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Diagnostic evaluation of pleural effusion in adults: Additional tests for undetermined etiology

YC Gary Lee, MBChB, PhD
Section Editor
V Courtney Broaddus, MD
Deputy Editor
Geraldine Finlay, MD


Pleural effusions can develop as a result of over 50 different pleuropulmonary or systemic disorders. Following diagnostic thoracentesis, the cause of a pleural effusion is not evident in up to 25 percent of patients [1,2]. However, no universally accepted definition exists for an "undiagnosed effusion."

This topic will review the approach to pleural effusions for which the diagnosis is unclear after initial clinical assessment and investigation. The initial assessment of a patient with a pleural effusion is presented separately. (See "Imaging of pleural effusions in adults" and "Diagnostic evaluation of a pleural effusion in adults: Initial testing" and "Diagnostic thoracentesis".)


The first step for the clinician is to revisit the patient's history, paying particular attention to drugs, occupational exposures, risk factors for pulmonary embolism or tuberculosis, and comorbid conditions.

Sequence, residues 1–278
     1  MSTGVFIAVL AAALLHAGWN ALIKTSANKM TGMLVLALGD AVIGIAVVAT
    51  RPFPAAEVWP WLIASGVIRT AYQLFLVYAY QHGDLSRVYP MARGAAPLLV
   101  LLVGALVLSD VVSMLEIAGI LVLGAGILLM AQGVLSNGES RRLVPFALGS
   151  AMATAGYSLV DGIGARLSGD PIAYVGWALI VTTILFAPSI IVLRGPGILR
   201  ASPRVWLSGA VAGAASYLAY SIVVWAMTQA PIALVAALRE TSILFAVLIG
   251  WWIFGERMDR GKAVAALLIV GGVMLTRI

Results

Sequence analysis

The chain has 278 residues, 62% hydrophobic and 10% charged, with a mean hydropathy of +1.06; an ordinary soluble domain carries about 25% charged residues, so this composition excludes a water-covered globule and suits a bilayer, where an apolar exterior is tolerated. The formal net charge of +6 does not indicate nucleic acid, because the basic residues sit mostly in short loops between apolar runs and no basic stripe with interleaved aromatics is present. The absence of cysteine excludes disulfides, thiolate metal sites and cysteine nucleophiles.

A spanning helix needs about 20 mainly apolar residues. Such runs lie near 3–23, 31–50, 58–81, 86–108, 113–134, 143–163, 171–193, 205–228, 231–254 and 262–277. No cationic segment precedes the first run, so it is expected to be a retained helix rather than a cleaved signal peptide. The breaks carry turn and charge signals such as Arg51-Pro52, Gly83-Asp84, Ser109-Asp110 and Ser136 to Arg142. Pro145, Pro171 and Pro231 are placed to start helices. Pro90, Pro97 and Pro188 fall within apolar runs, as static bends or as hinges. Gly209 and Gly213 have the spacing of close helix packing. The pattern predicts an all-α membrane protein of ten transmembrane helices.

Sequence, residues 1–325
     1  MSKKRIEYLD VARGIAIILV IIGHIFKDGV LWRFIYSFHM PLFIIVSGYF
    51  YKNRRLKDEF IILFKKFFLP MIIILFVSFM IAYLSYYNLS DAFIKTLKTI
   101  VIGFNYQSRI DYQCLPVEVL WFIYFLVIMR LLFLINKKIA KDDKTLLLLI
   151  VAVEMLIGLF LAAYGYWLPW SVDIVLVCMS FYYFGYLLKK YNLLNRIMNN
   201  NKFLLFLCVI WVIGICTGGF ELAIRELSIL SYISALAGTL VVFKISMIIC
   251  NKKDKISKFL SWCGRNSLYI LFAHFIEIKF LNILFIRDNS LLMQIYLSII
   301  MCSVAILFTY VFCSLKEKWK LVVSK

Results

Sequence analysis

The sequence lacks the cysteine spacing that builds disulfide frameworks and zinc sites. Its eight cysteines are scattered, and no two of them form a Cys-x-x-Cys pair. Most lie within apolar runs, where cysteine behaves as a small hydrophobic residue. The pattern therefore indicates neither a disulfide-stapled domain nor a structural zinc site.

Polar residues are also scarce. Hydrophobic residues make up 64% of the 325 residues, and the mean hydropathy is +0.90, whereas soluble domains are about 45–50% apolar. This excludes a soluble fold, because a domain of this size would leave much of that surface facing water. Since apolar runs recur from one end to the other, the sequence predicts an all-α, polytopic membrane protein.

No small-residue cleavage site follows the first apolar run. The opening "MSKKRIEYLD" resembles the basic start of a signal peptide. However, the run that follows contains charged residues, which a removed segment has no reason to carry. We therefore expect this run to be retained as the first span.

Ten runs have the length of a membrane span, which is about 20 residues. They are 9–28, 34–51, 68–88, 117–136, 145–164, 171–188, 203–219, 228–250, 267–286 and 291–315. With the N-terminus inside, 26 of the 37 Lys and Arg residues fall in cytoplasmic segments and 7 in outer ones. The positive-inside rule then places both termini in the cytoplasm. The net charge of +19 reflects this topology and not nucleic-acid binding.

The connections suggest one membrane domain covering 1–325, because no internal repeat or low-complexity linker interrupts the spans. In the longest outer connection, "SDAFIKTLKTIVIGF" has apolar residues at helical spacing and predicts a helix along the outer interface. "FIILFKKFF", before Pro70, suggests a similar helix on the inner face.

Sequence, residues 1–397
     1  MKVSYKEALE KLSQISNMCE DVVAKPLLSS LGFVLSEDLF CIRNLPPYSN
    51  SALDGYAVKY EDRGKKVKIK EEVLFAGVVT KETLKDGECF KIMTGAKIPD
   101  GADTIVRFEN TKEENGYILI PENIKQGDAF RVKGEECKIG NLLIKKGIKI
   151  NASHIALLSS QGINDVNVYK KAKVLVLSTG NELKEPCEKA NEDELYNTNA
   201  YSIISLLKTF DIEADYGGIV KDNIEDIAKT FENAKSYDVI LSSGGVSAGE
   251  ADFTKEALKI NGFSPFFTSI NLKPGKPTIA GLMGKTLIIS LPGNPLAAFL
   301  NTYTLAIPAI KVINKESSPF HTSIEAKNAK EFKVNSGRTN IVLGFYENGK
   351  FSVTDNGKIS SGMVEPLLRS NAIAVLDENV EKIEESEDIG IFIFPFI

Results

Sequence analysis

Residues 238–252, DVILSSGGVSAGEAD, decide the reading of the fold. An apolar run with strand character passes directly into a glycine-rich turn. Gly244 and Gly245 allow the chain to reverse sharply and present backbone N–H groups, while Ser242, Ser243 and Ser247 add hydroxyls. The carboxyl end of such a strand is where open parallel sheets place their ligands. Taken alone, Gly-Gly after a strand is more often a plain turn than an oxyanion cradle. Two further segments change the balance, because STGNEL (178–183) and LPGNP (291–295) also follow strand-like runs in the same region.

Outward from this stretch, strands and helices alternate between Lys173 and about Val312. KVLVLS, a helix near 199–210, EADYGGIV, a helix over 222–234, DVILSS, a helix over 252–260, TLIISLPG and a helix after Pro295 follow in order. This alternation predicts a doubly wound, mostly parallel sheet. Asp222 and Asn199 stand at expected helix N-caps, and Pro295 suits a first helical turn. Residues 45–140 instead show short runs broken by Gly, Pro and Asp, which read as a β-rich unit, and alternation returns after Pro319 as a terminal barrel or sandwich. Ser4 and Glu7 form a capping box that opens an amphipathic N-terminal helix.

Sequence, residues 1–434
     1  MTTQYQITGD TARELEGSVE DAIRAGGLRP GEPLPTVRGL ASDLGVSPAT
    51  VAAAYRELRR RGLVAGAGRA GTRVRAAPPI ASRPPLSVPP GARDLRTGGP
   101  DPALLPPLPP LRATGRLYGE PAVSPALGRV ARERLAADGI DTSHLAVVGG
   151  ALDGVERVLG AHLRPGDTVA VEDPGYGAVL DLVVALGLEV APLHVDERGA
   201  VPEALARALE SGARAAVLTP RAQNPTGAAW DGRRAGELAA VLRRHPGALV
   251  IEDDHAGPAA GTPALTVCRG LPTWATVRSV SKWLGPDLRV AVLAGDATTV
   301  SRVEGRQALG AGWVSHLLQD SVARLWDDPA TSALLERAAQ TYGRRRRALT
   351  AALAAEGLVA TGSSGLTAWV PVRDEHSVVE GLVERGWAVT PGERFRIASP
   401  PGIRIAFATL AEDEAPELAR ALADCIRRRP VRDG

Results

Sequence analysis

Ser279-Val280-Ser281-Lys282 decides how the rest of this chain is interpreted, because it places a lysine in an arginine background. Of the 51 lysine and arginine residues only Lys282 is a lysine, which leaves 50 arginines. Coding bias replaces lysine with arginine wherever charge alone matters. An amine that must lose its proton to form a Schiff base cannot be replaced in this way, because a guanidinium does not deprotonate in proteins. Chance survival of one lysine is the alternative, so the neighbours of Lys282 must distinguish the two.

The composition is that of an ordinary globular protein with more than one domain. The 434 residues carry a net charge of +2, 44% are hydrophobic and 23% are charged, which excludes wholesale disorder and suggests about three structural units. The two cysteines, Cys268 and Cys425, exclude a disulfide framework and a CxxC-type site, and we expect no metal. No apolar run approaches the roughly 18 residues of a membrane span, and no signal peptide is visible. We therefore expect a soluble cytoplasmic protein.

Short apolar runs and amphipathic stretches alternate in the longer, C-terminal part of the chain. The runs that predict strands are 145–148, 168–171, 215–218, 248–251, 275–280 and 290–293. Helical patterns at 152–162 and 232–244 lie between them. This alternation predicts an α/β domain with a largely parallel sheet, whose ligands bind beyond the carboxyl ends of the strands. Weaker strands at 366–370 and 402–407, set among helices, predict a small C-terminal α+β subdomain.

A careful drug history may reveal that the patient is taking nitrofurantoin, amiodarone, ovarian stimulation therapy, or a drug that can produce a lupus-like syndrome [3,4]. (See "Drug-induced lupus".)

Occupational asbestos exposure, which might suggest a benign asbestos pleural effusion, may have occurred many years earlier [5]. Benign asbestos effusions are usually unilateral, exudative, and about a third have an elevated pleural eosinophil count [6].

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Literature review current through: Nov 2017. | This topic last updated: Jun 13, 2016.
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